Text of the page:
Salzburg, the gem of the Austrian Alps

Salzburg is a city of historic beauty and natural charm

Its setting is idyllic, and its streets are safe and clean, its people are friendly and polite. It is a show town, a pretty stage set with no apparent purpose but to entertain its guests.  You will find yourself drawn down picturesque alleys, exploring monuments, and nearly everything is within walking distance. The city itself is situated by the river Salzach and at an altitude of approximately 430 meters; several hills shape it. The exceptionally well-preserved Medieval and Baroque old town (city centre) is a testimony to the wealth of the former city-state. It has a population of approximately 150,000 people, which makes it the fourth-biggest city of Austria (after Vienna, Graz, and Linz).

The older part of the city is on the left bank of the Salzach. Its central point being the Residenz Platz, in the middle of which is the Residenz Brunnen, a fountain built in 1664 by Antonio Dario.  Each of the sea-horses and figures of Atlas is hewn out of a single block of marble, and at the summit, a Triton spouts water from a horn.

On the west side of the Platz is the spacious Residenz Schloss. The first documented reference to the Residenz dates back to 1232. Archbishop Conrad, I started the construction of the Bishop’s Palace after the end of the investiture conflict. Several renovations took place between 1519 and 1586, and the Residenz obtained today’s appearance under Archbishop Wolf Dietrich von Raitenau (1587–1612).

The house in which the great composer (1756-91) was born, No. 9 Getreidegasse contains the interesting Mozart Museum on the third floor. The house in which Wolfgang Amadeus Mozart was born on January 27, 1756, is one of the most frequently visited museums in the world.

Salzburg Cathedral

Salzburg Cathedral is the seventeenth-century Baroque cathedral of the Roman Catholic Archdiocese of Salzburg dedicated to Saint Rupert and Saint Vergilius. It was consecrated in 1628, during the thirty years’ war.  The original church built in 774 was founded by St. Virgil and it was replaced in 1628 by the church in its place today. The Domplatz is surrounded by the administration buildings and the statue of Mary from 1771, is looking away from the church, welcoming visitors. The dome is surrounded by the tombs of 10 archbishops from the 17th Century. On the south side of the cathedral is the Kapitelplatz with the Kapitelschwemme, a nice marble horse-pond, with the inscription “LeopoLDVs PrInCeps Me eXstrVXIt.”, MD CLL XXVV II (Prince Leopold had me built) In the south-west corner of the Kapitelplatz is the entrance to the ancient Cemetery of St. Peter, adjoining the steep cliff between the Monchsberg and the citadel. The late-Gothic Chapel of St. Margaret in the middle, erected in 1483, restored in 1864, contains tombstones of the 15th Century. In the vicinity is the Franciscan Church of the 13th Century with a Romanesque south portal and a Gothic tower restored in 1866. The hexagonal choir borne by columns, with its network vaulting and its series of chapels, dates from the 15th Century.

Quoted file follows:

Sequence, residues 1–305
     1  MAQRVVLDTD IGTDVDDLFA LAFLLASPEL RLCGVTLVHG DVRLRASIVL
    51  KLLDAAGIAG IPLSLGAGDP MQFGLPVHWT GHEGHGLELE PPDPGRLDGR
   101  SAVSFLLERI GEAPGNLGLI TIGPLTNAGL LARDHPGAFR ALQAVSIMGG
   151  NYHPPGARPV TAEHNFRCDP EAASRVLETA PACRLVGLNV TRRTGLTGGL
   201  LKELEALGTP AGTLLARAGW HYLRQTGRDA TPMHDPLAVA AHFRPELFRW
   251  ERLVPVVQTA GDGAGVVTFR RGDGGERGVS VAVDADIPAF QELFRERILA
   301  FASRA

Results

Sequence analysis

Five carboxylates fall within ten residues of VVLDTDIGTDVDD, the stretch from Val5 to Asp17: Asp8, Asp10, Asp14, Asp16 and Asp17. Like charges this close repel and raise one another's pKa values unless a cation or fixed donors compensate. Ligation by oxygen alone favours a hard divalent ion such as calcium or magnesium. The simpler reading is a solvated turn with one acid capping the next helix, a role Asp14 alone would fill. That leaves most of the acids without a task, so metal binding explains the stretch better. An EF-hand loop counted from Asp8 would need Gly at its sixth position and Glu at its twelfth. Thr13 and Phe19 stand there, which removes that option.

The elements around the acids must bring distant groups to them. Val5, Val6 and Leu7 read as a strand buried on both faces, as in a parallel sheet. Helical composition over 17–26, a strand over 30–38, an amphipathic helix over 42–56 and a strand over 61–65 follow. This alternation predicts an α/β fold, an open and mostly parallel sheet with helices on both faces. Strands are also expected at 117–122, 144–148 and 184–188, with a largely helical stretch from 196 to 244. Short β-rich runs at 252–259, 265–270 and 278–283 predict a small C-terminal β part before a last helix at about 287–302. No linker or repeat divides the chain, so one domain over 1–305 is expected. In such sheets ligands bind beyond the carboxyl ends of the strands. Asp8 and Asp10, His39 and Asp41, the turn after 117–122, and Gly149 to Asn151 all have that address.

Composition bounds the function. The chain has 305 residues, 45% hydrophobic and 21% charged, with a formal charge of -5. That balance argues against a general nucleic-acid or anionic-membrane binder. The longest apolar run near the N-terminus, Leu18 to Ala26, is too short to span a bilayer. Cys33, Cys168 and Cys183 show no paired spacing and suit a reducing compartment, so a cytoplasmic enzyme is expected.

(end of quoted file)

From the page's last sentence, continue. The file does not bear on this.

It is a monastery of great antiquity, whose foundation by St. Rupert, Apostle of Bavaria, dates from the seventh century. In the eighth century, it took the rule of St. Benedict and from that period, through many difficulties, St. Peter’s has flourished as an abbey of the illustrious Order of that holy Patriarch.


Above the town, on the south-east point of the Mönchsberg, is the fortress of Hohensalzburg Fortress from 1780.  Always a visible landmark, the castle is an unmistakable part of the world-famous Salzburg silhouette. The fortress was founded in 1077 under Archbishop Gebhard and extended at different periods; the more significant part of the present buildings and towers dates from 1496-1519. The Church of St. George (pictured above) in the castle-yard, erected in 1502, contains reliefs of the Twelve Apostles in red marble. On the exterior is a relief commemorating its founder Archbishop.


Just below the fortress, is the Nonnberg, a hill that owes its name to a Benedictine nunnery situated there. The Gothic Convent Church founded 1009 and completely restored in the 15th Century possesses a fine winged altar with a stained-glass window and behind it, a crypt with interesting columns, and ancient frescoes in the tower. Nonnberg Nunnery was founded between 713 and 715 and is considered to be the oldest nunnery in the World that existed with no interruptions. The nunnery′s church Maria Himmelfahrt is Salzburg′s oldest church dedicated to the holy Virgin Mary and is one of the most significant churches of the city. It was built in the late-gothic style with three naves from 1464 to 1506 after a fire had destroyed a good part of the original building in 1423.

Mirabell Palace

The Mirabell Palace erected in 1606 by Archbishop Wolf Dietrich, rebuilt after a fire in 1818, is now the property of the town. The staircase is adorned with sculptures by Georg Raphel Donner in 1726. Behind the palace is the Mirabell Garden laid out in the old French fashion, with fountains, marble statues, and an aviary.

Have you been to Salzburg? What were your favourite things to see and do in the city!

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